What Good Is an Ex-Dancer?
by John Michael Schert
with LeeAnn Mallorie
After what feels like a lifetime of focus on the mastery of the form, and then the embodiment of the creative process, the average dancer ends their performance career, often in their mid-30s, and then faces a critical question – what next?
Until very recently, the answer to this question has been all but clear. It would seem obvious that decades of intense discipline, long hours of practice, coupled with deep passion and commitment for the craft, would produce a human being with a skill-set worthy of a potent and fulfilling second career. Yet, many retired ballet dancers relegate themselves to becoming teachers of dance – a noble endeavor that only some genuinely enjoy – or transition to a related profession utilizing a portion of their physical intelligence (bodywork, Pilates, yoga, physical therapy, etc.). Having put this much energy into their perfection of the craft, it’s hard to envision doing anything else outside of dance.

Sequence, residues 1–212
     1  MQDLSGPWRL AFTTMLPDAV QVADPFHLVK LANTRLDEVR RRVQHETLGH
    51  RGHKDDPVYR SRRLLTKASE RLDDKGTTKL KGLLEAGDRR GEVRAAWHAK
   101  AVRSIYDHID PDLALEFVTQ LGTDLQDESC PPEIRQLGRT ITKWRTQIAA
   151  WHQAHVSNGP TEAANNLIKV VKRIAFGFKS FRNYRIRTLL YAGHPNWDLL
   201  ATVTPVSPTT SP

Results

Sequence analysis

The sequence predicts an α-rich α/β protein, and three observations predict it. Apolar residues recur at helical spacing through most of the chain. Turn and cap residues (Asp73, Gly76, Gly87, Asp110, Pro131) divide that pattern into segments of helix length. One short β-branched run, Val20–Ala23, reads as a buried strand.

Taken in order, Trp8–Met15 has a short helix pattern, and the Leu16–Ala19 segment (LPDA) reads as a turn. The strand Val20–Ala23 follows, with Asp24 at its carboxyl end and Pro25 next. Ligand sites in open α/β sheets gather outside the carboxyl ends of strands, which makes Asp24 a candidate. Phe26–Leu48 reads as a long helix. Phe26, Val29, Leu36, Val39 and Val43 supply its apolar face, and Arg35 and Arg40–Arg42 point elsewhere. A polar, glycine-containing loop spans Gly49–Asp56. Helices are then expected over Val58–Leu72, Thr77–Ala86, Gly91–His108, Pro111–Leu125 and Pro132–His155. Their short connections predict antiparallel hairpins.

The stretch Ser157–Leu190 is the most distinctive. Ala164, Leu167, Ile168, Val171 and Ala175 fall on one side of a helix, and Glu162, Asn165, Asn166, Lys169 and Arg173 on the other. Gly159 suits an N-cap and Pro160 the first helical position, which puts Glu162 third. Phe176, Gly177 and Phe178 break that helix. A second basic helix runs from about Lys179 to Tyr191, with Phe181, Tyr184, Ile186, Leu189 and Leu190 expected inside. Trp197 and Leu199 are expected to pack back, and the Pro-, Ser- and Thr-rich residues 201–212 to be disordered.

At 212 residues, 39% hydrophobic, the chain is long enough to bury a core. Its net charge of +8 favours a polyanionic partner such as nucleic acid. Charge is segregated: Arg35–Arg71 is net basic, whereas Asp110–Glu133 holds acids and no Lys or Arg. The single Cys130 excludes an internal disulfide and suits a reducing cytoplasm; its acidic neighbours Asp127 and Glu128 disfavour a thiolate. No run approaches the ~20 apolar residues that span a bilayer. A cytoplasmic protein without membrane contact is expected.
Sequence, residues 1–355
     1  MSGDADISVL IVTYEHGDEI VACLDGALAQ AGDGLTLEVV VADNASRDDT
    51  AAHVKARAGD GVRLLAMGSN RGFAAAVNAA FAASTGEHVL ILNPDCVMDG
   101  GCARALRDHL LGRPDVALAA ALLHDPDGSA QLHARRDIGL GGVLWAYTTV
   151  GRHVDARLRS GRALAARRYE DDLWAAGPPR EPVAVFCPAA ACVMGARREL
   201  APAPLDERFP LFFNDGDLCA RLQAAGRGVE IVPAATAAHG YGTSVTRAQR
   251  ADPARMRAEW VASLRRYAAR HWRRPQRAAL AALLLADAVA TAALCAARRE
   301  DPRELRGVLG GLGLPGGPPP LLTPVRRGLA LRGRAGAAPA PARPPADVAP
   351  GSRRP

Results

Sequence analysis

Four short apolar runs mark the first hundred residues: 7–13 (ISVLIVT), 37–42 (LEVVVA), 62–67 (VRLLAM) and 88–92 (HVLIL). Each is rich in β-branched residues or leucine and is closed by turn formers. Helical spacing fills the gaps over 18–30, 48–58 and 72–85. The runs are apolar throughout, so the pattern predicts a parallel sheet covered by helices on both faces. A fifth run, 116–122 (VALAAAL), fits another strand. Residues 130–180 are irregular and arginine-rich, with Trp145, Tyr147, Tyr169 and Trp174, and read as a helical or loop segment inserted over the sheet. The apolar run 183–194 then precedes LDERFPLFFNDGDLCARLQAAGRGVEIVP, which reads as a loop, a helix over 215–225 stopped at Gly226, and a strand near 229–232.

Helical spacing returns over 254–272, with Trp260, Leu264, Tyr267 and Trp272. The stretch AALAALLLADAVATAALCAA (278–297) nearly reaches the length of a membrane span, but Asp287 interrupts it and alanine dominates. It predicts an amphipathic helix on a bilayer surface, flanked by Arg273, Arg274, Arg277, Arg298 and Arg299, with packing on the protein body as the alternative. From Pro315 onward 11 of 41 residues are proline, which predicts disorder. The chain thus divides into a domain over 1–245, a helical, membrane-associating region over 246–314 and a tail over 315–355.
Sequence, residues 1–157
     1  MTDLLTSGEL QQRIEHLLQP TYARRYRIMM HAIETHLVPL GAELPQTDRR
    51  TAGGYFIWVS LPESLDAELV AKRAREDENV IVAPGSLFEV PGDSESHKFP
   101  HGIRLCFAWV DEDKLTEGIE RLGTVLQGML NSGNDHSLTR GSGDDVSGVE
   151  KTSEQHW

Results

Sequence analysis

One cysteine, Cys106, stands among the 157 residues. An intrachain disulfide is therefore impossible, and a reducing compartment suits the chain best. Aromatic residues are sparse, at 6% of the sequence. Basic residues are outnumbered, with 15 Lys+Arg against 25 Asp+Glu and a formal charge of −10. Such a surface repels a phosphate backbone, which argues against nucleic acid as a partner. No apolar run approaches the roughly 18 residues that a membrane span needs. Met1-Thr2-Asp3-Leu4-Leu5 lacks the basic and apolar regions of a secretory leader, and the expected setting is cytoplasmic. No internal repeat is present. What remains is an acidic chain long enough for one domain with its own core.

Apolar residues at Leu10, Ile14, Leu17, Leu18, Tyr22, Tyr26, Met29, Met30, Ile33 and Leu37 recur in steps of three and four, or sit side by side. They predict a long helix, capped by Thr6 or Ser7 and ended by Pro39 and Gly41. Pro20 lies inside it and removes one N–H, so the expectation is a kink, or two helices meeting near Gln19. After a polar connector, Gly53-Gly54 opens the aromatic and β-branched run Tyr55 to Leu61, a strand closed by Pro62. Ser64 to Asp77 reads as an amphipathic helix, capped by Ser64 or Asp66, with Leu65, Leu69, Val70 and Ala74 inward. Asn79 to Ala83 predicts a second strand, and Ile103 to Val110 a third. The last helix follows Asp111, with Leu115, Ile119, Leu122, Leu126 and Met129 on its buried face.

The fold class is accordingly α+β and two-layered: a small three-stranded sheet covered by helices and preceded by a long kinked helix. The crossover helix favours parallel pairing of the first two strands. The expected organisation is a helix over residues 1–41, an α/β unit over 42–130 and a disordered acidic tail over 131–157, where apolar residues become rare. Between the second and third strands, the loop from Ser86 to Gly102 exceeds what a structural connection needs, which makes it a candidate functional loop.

Perhaps my own story has something to offer. I started ballet training at the age of six in Valdosta, Ga., moved away from home to study formally at North Carolina School of the Arts for high school, then joined American Ballet Theatre at the age of 18. I was a founding member of Cedar Lake Contemporary Ballet and worked for four years with Alonzo King LINES Ballet (a company founded by a man I greatly admire and often quote in my current work). In 2004, I co-founded Trey McIntyre Project. What began as a summer project became a world-renowned, international touring dance company based in Boise, Idaho. Out of necessity, I became an executive director, booking agent, fundraiser, staff leader, and board member.